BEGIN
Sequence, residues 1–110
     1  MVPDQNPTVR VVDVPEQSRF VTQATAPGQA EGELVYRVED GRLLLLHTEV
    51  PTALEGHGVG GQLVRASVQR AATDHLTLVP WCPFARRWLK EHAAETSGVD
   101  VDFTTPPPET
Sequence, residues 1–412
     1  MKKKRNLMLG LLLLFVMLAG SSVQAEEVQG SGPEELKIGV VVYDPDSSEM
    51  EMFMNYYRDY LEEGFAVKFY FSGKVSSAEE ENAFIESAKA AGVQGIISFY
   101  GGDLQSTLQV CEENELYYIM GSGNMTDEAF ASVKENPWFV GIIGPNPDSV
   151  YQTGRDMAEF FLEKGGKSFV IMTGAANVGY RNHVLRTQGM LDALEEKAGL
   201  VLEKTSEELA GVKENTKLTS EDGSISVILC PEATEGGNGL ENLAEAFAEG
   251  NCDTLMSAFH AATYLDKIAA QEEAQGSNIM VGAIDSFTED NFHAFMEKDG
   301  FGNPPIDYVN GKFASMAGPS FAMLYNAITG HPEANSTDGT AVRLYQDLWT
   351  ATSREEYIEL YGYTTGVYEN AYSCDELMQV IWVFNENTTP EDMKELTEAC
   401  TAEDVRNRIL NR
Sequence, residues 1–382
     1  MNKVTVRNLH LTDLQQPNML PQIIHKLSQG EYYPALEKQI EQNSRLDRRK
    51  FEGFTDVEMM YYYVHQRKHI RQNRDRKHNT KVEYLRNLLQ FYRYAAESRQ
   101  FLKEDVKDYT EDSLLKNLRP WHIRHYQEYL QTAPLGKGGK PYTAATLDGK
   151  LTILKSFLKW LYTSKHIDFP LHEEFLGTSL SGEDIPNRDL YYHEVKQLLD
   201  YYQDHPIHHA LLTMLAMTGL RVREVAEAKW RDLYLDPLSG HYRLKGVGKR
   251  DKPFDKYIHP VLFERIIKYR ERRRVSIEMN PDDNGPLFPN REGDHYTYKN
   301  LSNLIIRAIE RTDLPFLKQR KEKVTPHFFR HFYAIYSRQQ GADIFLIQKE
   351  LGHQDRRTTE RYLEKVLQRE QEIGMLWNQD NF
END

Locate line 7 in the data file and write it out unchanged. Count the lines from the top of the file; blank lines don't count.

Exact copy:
    51  EMFMNYYRDY LEEGFAVKFY FSGKVSSAEE ENAFIESAKA AGVQGIISFY